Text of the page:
Mr. Trump/Mr. Malloy and many politicians have ignored the needs of the middle class. The nation’s 10 percent don’t need tax breaks, we do. We are the true people of the nation.
Is Mr. Malloy doing without? Is he giving up anything to balance the budget? I doubt it. Remember when politicians go to places to seek campaign donations or speak about wanting to help the state of the nation. Do the wealthy own Congress?
Mr. Trump said he will work hard everyday, claiming President Obama played golf most of the time, was born in Kenya and illegally won the presidency. He claims the new tax plan will hit him hard. Paul Krugman and other business columnists say he will benefit from the plan – not be penalized.
A good leader/representative/people’s politician cares about the plight of the poor and middle class and cannot be bought by the wealthy who need these political figures to dictate their agenda.
JFK, Bobby Kennedy, Abe Lincoln, Teddy Roosevelt and Martin Luther King Jr. wanted to help us. Four out of five were assassinated. I believe Teddy was wounded by a gunman.
It’s not too late to reverse the course that we are headed for. It’s called George Orwell’s Animal Farm.
Nick Piccolo, Southington
If ever I’ve had a “wish I’d said that” feeling, it was upon reading Bruce Mudzinski’s letter in this morning’s paper (“Academic intolerance” — R-J, Jan. 31). While Mr. Mudzinski’s letter might have been in response to Chris Powell’s column on the Perspective page of Sunday’s paper — (“UConn’s pc hysteria invites nervous breakdowns” — Jan. 28), my input definitely would have been. It isa pity that space considerations precluded reprinting Mr. Powell’s column alongside Mr. Mudzinski’s letter.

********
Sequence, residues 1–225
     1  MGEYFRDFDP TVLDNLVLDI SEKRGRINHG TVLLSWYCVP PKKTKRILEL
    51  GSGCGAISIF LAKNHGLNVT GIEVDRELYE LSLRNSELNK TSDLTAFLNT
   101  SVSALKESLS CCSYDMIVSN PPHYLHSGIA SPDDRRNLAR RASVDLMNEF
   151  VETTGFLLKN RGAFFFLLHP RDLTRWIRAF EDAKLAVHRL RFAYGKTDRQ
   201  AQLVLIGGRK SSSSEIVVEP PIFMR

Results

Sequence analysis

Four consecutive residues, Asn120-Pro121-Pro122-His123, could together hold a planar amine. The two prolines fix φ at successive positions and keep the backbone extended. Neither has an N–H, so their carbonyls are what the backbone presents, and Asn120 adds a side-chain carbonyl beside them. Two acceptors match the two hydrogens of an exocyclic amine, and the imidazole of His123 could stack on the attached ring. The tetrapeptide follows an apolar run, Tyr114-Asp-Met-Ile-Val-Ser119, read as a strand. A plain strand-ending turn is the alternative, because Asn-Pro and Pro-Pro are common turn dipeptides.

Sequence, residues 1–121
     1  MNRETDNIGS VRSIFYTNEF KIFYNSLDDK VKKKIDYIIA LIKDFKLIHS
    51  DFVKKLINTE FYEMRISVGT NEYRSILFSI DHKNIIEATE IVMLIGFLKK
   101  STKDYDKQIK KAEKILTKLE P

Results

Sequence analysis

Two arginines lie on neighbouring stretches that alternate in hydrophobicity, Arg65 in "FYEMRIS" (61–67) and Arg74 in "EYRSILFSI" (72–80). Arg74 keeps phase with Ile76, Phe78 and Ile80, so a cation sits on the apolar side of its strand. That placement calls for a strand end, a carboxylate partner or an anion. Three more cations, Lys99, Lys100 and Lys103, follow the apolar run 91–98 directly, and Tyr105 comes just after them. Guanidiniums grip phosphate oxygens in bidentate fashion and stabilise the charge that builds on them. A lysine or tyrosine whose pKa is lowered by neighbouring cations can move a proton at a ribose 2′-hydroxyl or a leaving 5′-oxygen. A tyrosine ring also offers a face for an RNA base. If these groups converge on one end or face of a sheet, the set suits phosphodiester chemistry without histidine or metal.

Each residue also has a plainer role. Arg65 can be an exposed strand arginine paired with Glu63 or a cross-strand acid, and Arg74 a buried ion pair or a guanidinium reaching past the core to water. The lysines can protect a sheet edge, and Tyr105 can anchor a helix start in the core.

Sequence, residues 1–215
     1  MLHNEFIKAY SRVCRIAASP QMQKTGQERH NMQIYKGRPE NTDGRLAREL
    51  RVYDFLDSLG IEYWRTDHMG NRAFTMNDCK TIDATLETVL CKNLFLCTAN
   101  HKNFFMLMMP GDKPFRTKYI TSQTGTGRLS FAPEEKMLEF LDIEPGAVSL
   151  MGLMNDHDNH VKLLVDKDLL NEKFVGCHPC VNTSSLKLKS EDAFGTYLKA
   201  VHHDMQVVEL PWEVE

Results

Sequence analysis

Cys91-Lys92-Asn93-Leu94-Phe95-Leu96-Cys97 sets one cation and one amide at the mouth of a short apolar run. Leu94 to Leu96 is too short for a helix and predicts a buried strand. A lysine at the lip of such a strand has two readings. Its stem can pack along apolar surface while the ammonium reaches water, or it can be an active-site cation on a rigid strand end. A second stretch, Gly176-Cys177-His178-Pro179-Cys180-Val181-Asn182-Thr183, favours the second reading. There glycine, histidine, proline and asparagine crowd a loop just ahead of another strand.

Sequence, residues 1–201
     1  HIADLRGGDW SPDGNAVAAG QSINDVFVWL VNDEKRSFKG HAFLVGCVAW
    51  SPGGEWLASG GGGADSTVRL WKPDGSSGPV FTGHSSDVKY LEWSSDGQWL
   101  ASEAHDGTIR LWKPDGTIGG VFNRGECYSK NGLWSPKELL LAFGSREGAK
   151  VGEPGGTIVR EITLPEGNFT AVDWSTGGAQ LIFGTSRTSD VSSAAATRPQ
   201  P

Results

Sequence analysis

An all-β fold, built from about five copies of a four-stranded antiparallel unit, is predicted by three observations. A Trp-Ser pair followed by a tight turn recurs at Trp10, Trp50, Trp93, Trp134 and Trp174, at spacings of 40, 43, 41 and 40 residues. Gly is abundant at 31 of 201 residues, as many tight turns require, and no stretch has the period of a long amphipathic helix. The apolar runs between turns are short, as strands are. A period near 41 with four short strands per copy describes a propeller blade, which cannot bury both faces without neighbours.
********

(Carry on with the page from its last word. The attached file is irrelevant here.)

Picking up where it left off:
It might be an idea to send both to UConn’s Susan Herbst, chief diversity officer Joelle Murchison, and UConn’s school newspaper opinion writer, though being underwritten by thousands of Connecticut residents such a communication doubtless would have little impact.
Michael Staub, Middletown
I can tell you from personal experience the major problem with the roads in Connecticut is: The government. I was second in command doing the electrical work for the first EZ Pass in N.Y.C. It was the Verrazano and the Whitestone bridges. At the end of the shift on Friday myself and the #1 man in charge would have to go to transit office to discuss the job. We were tired from being out all night while all the city suits were just starting their day. There was plenty of food available so everyone sat around and had a big breakfast before the meeting even got started. At the meeting nobody had a clue what the job was about except for one electrical engineer. Everyone else tried to justify their salary by talking forever without saying anything. There was one morning when this one man kept talking about the angle of the signs. He wouldn’t stop. Finally I got up, looked at my boss and said, “If you want to stay here and listen to this, fine. I’m going home.”